“Why are you here?” His tone wasn’t exactly suspicious, but it definitely wasn’t friendly.
I hung up the towel. “I don’t really know. You haven’t hired us, so you’re not a client.” His expression was stony, and I let my gaze drift out to the room behind him as I spoke. “I genuinely am worried about the holes in your home security. I think you should let Darius and Anna set you up with a new system.”
“You don’t know me. Why would you care about my security?”
I sighed. The question was one I’d been asking myself, and the only answer I could come up with barely made sense. “I was there when the Russian attacked you.”
“So? You didn’t make him do it, did you?”
I scoffed. “Clearly not.”
“It’s not your responsibility then, is it?” He sounded angry, which made me defensive.
“I shouldn’t have come. I don’t know why I’m here, or for that matter, why you fed me.” I moved past him and out into the office, which was really more of a living room dominated by a big desk.
I was almost to the steps down to the front door when he sighed behind me. “Hang on.”
I stopped and turned to face him. My own expression was as stony as his had been, and I crossed my arms in front of me.
“Could you show me—” He hesitated, as though the words hurt him to say. “What do I need to do to secure this place until Darius can come in and build a new system?”
Something loosened in my shoulders, and I nodded. I didn’t like feeling responsible for him. “Anna said something about upstairs.”
He winced self-deprecatingly. “She said there were at least six ways in. I’ve only found one.”
“Lead the way,” I said.
Oliver’s house was long and narrow, so it felt like it was really only three rooms big. The bedroom upstairs took up the whole floor, with a walk-in closet and large bathroom at one end and two big, gabled windows at the other. Those windows were at the front of the house and looked like eyes from the street. They were also a point of vulnerability from the roof, as gables were easy to climb down onto.
“I wasn’t up here with Darius and Anna, but I can tell you those windows are alarmed,” Oliver said confidently.
I looked out the windows. “You have above-ground power. It’s easy to cut, which renders the alarms useless and the cameras blind.”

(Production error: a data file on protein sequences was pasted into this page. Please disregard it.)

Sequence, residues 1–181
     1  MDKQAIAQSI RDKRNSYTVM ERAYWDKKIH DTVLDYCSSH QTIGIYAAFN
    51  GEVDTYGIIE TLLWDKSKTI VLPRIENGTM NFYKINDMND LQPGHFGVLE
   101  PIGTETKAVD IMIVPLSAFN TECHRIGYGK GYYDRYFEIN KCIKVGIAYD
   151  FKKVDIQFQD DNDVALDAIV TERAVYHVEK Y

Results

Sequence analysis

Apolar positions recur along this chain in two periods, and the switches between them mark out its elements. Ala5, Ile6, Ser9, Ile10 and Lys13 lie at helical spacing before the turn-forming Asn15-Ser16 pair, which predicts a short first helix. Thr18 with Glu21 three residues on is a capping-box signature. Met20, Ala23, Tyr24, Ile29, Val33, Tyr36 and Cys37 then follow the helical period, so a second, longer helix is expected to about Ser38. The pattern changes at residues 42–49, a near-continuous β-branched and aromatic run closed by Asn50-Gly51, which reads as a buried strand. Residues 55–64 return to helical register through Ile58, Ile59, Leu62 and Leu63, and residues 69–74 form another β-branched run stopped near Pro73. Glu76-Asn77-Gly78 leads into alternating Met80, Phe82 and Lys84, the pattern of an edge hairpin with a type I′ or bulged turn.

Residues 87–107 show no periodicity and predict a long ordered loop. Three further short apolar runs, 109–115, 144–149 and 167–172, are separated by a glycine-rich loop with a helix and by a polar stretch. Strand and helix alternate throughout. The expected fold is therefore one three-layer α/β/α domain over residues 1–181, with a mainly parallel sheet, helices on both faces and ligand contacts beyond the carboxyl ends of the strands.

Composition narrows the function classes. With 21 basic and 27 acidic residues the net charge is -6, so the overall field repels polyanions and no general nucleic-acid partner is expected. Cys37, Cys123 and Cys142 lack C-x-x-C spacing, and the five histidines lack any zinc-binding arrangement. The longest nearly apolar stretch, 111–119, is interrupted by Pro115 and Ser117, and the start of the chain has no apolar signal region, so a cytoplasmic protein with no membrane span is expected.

“Okay, so that’s two,” he said grudgingly. “What else?”
I poked my head into the bathroom. It was strangely spotless for a guy living alone, with big white towels on a heated rack. I pointed to the window. “Alarmed?”
He shook his head. “No. Why would it be? I couldn’t fit through it.”
“I could,” I said.
Some product he used in the bathroom smelled kind of outdoorsy and nice, and I left before I could figure out which one. I did not need to be sniffing Oliver Curran’s skin products. The same sized window existed in the walk-in closet, and this time I merely pointed to it. He sighed and rolled his eyes.
“That’s four,” he said.
“Staircase is five,” I said. “No motion sensors inside that I could see.”
He stared at me. “People do that? Wire the inside of their houses with motion sensors? That seems … excessive.”
“Fear is a powerful motivator,” I answered.
While he contemplated whether that tidbit about humanity applied to him, I looked at the clothes hanging around the small space. He had more clothes than my sister and I put together, and everything was hung neatly—even jeans and khakis hung on the lower bars as if it were a retail store. And it smelled good too, not like sweaty running shoes or old socks. I had to get out of there before I started sniffing his shirts.
I moved back into the bedroom and looked around at the furnishings—a big bed, positioned nearly in the middle of one wall, a television mounted on the wall above a mid-century modern credenza, and a leather chair near a guitar stand between the windows. Then I looked up and pointed at the skylight positioned right over the bed.
He sighed. “It doesn’t open.”
“It breaks. That’s enough.”
“How do I protect myself from that? If someone’s up on my roof willing to break my skylight to get to me, I’m pretty much screwed.” He sounded exasperated.
“Pretty much,” I agreed. “That’s why I have a job, I guess.”